One of the things I'm working on for my science fiction setting are reasons for laser weapons to not be very prominent.

One of the ideas I came up with was for the primary hull plating of most ships to made from fictional alloys that become increasingly reflective to thermal energy as it heats up. Yes, the laser will eventually melt it, but the majority of the energy is deflected (or reflected depending on angle) as it gets closer to that melting point.

What I want to know is, what other behaviors would such alloys likely have? Or are there any real world materials with similar properties I can use as a reference to such a trait?

Would this unique property have any effect on its viability as an armor against kinetic and explosive weapons?

I'm also imagining this alloy will be difficult to re-melt after its formed the first time.

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    $\begingroup$ It's a fictional material, you decide which properties should it have $\endgroup$ – L.Dutch - Reinstate Monica Jun 13 '18 at 16:16
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    $\begingroup$ Why do they have to become more reflective and are not just as reflective as possible to begin with? $\endgroup$ – Raditz_35 Jun 13 '18 at 16:17
  • $\begingroup$ It would not be enough to just reflect but to redirect. $\endgroup$ – Muze the good Troll. Jun 13 '18 at 16:23
  • $\begingroup$ I'm just trying to find out of there are other behaviors that a metal alloy might have that is directly tied to that specific behavior. $\endgroup$ – Arvex Jun 13 '18 at 16:31

To also address Raditz_'s objection ("why wouldn't the alloy be as reflective as possible from the start?"), what you want is exactly a partial melt of the alloy, to address reflectivity losses during the normal (non-battle) lifetime of the hull.

More to the point you need a composite material made up of different layers:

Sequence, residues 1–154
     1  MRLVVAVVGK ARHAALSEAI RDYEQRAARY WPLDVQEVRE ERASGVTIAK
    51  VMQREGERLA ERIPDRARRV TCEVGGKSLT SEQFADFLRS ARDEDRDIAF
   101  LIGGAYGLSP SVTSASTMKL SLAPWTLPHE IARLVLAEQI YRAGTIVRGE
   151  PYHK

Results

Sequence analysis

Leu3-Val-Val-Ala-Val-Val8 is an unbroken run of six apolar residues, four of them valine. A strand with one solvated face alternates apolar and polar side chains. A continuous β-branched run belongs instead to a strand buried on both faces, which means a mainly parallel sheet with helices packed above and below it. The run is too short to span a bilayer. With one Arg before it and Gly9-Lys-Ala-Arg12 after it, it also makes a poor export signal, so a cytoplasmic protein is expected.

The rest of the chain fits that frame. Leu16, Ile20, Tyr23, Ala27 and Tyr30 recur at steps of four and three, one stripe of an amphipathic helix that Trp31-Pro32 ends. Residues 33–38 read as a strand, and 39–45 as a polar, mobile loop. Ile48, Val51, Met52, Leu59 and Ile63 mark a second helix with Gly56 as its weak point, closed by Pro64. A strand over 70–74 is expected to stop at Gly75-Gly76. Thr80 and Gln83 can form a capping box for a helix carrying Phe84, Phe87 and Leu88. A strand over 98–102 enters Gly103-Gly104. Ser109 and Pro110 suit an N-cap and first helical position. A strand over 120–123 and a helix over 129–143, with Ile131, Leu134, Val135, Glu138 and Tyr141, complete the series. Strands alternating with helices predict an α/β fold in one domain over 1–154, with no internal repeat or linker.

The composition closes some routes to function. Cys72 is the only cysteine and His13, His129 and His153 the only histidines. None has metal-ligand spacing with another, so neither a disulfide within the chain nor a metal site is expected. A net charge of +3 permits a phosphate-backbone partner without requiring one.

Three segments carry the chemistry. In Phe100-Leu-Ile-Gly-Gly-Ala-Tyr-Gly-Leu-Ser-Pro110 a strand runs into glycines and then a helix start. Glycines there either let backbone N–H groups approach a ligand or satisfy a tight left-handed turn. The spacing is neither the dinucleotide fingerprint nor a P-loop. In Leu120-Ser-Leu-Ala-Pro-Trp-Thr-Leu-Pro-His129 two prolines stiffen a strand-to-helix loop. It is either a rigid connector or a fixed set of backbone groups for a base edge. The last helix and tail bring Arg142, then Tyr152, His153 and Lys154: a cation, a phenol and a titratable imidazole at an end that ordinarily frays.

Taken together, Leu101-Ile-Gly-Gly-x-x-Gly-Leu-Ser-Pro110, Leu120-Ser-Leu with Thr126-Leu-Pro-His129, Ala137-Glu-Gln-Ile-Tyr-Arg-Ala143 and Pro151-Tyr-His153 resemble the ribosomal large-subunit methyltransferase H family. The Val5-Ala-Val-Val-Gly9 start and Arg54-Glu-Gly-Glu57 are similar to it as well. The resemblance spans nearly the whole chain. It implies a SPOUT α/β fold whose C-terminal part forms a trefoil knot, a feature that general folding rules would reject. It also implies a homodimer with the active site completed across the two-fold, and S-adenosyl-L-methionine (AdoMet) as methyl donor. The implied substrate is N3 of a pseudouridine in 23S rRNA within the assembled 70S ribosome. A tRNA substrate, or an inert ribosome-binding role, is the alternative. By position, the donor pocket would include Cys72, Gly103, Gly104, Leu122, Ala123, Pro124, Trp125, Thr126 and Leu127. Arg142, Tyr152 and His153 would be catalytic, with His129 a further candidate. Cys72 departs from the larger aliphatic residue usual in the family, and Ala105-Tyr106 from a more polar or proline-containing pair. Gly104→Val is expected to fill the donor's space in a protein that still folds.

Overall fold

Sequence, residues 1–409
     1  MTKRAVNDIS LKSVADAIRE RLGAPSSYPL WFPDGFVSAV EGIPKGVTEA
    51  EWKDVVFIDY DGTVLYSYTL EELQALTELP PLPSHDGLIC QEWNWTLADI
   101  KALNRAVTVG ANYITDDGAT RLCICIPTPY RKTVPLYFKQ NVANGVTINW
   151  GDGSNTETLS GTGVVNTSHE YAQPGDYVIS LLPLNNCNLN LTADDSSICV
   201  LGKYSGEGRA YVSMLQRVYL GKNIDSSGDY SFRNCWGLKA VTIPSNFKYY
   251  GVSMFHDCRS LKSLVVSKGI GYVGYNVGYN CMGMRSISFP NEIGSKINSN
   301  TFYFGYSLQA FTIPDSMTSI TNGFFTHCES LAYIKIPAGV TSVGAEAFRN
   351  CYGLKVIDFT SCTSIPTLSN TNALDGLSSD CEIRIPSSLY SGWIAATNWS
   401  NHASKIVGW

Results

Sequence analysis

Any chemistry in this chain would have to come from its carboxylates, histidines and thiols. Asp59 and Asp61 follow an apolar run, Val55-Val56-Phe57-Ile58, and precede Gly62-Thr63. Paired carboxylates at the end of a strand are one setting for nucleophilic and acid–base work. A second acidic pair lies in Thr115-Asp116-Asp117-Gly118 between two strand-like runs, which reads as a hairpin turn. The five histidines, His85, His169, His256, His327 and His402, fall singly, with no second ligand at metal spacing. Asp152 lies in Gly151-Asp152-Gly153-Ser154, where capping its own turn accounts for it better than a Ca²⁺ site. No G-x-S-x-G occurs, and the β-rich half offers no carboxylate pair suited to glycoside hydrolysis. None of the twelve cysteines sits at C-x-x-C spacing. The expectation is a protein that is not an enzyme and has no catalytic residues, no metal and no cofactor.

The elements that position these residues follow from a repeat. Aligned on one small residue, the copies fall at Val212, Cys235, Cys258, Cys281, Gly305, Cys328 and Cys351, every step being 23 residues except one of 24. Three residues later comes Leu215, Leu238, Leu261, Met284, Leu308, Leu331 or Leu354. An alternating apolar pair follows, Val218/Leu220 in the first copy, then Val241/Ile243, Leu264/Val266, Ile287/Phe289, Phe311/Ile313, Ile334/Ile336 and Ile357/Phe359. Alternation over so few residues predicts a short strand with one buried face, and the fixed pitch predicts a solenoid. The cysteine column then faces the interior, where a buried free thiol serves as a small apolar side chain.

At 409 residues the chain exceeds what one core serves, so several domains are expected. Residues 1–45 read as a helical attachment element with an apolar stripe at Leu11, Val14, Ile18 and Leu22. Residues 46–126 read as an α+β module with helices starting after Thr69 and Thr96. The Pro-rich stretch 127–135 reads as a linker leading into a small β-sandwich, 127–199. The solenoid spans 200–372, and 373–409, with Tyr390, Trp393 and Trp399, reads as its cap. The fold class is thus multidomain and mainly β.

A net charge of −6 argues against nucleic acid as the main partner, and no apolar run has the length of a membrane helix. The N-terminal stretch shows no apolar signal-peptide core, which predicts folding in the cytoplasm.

• outer layer: low-temperature melting, ultra-low-vapour-pressure alloy (I'm thinking GalInStan or better yet Rose's metal due to its low expansion factor).
  • middle layer: high-temperature superconductor layer
  • inner layer: structural hull.

During normal operation, the starship's surface gets abraded by cosmic dust, hydrogen ions, solar winds and whatever. As a result, the surface is matted, opaque and microscopically roughed -- and would readily absorb laser energy.

Before a battle, or periodically, the hull is heated enough to melt the outer skin (less than 400 K are needed and you can zone-melt the hull to save energy). If necessary, replenishment liquid metal is then poured on the hull to make good for losses. Cooling in vacuum, the hull becomes a perfectly reflective mirror (99%+ reflectivity), allowing deflection of incoming laser radiation.

When hit by a laser, a part of the hull will vaporize and briefly flare in a gaseous cloud, which will reflect most of the incoming beam (this is one of the great limits when engaging targets in an atmosphere).

The hull can be melted and more metal added even during an attack, and most of the heat from the laser would be transferred to the superconductor and radiated harmlessly in space. You would need sufficient laser power to fry the whole starship if you wanted to inflict damage.

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  • $\begingroup$ That was part of the reason. The other reason being that this setting is for a game and ships that are shiny don't really fit the art direction I've been going in. $\endgroup$ – Arvex Jun 13 '18 at 17:02
  • $\begingroup$ Well, nothing prevents the metal to be a dull grey when solid. This would mean the ship would need some minutes to melt the skin before engaging battle, and remain in molten state throughout. $\endgroup$ – LSerni Jun 13 '18 at 17:03

The problem with that is when atom moves faster they reflect lasers less but certain metals hold there reflection better at higher temperatures like chrome. The metal that best reflects is platinum unless you get into Dielectric mirrors which use layers with thicknesses of the order of a light wavelength to allow interference effects can achieve 99.999% reflection but at very limited wavelengths for a given mirror.

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